Inside Look: FDNY Rescue Paramedics
FDNY Rescue Paramedic Juan Henriquez demonstrates how they can treat a victim for injuries during a high-angle rescue.
They can crawl into confined spaces to treat a collapsed chest, intubate a victim from around a corner using a camera and hang upside down for minutes to treat someone stuck high in the air.
They are the FDNY’s highly-trained rescue paramedics.
These men and women give New York City’s residents and visitors in precarious situations a better chance of survival than ever before.
“There aren’t many cities that will offer paramedics this type of specialized training,” said Capt. Louis Cook, a Rescue Paramedic and Commanding Officer of the HazTac Battalion who oversees Rescue Paramedic training. “It’s all geared toward a better outcome … survivability.”
The program, which started in 2007, includes nearly a month of specialized training at the Fire Academy on Randalls Island, including collapse rescue, confined space rescue, combined trench and high angle procedures, crush medicine and advanced Haz-Mat training. Much of their training involves military battlefield technologies and methods.
After rescue medics are certified, they then return to the Academy for retraining a few times each year to ensure their skills remain sharp.
There are 11 rescue paramedic medic units operating at all times in all five boroughs of New York City. In recent years they have responded to numerous unusual and dangerous calls, including a man falling into the hold of a ship, a crane collapse, a victim with severed limbs trapped under a subway car and a man stuck in a trench collapse.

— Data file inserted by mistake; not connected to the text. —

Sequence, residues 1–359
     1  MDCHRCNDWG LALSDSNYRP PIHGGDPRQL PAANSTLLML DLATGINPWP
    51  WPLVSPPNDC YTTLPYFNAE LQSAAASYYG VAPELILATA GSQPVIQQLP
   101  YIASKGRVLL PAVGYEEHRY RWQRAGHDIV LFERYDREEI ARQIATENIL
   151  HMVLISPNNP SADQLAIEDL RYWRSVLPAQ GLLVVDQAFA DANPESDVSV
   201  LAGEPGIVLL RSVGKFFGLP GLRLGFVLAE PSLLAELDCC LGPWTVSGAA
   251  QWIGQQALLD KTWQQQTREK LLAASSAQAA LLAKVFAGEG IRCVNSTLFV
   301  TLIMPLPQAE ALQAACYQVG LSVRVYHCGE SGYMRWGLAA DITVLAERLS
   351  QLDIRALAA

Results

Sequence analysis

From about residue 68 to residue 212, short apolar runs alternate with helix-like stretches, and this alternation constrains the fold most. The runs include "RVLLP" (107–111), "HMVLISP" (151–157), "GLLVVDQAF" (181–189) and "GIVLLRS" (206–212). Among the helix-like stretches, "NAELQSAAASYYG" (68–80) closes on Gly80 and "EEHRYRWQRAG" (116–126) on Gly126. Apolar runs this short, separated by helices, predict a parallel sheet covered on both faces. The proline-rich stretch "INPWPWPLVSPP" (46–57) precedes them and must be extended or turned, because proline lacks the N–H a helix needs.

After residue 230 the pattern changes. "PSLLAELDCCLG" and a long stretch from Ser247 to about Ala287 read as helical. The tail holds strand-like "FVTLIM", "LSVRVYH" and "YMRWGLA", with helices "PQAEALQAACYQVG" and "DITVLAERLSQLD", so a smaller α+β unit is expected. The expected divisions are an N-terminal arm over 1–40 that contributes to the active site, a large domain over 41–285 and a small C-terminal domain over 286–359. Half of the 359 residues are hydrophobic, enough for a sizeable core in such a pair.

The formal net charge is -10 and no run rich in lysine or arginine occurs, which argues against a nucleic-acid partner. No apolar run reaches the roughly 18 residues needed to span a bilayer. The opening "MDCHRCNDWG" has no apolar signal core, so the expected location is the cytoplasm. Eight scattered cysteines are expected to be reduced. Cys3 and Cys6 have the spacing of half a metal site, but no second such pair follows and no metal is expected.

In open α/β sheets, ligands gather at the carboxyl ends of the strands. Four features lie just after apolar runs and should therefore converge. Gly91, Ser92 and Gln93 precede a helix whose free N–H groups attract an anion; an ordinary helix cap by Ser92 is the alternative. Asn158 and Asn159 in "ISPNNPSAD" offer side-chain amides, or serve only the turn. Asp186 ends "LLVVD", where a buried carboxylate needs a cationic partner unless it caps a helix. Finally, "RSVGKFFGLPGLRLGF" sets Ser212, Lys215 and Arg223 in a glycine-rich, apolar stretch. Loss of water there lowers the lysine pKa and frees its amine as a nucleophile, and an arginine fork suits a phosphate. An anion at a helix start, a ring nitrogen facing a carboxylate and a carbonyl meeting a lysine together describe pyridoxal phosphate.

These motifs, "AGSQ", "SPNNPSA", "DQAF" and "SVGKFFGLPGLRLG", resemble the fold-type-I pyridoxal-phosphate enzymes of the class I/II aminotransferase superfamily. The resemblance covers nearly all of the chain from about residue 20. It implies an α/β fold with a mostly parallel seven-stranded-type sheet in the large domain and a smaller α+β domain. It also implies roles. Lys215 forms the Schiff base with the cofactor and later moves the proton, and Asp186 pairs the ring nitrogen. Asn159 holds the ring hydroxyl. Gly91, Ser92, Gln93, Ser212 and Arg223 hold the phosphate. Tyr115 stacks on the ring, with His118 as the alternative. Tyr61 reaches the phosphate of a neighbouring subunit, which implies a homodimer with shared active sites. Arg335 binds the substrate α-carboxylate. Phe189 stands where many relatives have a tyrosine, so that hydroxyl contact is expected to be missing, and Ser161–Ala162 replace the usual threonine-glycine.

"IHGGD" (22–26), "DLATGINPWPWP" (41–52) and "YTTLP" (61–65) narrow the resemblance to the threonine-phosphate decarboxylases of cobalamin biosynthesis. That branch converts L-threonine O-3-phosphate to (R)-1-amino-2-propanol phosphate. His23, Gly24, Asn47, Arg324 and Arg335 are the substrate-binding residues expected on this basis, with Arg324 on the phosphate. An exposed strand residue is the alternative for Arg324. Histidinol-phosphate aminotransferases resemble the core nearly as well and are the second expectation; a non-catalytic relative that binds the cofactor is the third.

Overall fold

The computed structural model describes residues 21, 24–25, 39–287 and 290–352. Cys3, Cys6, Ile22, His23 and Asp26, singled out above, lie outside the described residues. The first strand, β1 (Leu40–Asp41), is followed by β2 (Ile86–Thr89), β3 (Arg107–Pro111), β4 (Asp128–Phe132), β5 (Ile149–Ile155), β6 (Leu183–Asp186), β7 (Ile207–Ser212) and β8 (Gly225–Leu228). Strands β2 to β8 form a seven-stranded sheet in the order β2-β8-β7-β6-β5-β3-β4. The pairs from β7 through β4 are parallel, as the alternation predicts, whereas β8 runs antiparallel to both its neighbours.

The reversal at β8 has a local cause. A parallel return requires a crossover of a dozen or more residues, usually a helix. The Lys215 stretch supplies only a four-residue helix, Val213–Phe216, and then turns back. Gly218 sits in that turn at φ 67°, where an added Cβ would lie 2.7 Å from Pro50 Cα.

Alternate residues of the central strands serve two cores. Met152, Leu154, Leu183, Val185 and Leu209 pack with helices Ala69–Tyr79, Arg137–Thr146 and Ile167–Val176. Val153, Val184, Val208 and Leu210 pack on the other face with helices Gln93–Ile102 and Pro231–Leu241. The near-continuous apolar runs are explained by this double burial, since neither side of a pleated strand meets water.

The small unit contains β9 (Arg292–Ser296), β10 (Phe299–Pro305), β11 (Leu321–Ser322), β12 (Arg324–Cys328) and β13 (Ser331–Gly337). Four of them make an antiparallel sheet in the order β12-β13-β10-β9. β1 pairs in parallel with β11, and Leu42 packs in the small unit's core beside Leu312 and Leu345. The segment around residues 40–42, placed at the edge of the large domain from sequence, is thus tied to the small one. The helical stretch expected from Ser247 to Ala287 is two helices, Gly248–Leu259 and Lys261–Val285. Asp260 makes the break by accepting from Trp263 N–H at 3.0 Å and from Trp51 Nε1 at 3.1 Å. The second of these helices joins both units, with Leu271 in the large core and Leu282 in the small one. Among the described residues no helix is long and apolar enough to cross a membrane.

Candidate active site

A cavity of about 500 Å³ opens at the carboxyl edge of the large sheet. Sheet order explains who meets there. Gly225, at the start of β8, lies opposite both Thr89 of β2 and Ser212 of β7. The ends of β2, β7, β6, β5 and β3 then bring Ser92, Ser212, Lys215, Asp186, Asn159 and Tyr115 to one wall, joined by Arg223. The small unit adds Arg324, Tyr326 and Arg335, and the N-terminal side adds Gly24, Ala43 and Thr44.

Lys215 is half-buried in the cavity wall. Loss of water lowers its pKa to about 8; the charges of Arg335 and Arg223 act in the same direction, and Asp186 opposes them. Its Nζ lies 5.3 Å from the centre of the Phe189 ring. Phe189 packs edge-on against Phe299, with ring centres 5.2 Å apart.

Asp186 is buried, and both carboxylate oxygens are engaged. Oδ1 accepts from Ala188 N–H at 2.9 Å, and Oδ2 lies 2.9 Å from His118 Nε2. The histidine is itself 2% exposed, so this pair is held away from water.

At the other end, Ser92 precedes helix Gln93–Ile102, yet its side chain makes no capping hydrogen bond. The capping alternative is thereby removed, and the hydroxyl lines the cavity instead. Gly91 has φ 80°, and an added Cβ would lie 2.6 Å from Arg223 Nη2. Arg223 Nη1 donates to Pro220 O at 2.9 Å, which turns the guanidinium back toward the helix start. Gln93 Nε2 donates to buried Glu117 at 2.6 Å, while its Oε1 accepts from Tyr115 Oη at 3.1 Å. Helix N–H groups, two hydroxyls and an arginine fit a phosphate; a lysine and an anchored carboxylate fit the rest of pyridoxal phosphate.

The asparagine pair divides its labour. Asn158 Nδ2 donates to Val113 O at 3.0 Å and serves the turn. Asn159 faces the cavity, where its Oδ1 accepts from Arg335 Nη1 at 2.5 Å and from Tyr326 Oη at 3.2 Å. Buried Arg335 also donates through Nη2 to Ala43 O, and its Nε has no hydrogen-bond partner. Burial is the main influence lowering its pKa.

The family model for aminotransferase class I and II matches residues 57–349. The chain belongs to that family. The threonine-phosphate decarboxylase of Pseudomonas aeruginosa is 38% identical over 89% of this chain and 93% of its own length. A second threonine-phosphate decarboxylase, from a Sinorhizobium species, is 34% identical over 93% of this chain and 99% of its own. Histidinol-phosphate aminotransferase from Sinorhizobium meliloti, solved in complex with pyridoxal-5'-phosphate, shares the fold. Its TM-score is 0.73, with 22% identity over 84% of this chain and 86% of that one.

They also are part of the FEMA and Special Operations Command Task Force, which has sent them to disasters in all parts of the world, including the earthquake in Haiti.
“We’re entering scenes with unstable, dangerous conditions,” said Don Faeth, a 25-year veteran of the FDNY. “We see what potentially can happen, but we have a job to do, and we do it.”
Rescue Paramedic Juan Henriquez, a 12-year FDNY veteran, added that “It’s a necessary risk that we take. To save lives we have to take that risk.”
They also described their job as part first responder and part friend.
“We forge a bond with everyone we treat … they have to trust us,” Rescue Paramedic Henriquez said. “They are thinking it’s their last moment on earth, so we have to make sure they understand it’s not.”
Regardless of whether they have to put on a harness and rappel down the side of a building to reach a victim, crawl under debris or through a tunnel, the medics approach each victim in a similar fashion.
“We introduce ourselves, explain help is here and that they’re not alone,” Rescue Paramedic Faeth said. “We hold their hands and get them help. You see the darker side of life sometimes, but it’s fulfilling work.”
The skilled paramedics are also constantly learning new techniques that will save more lives, often doing research while off-duty and sharing with each other information and innovations they have seen.
“They’re the best in the world and will put themselves out on the edge for anyone,” Capt. Cook said. “They are so motivated, their enthusiasm is infectious.”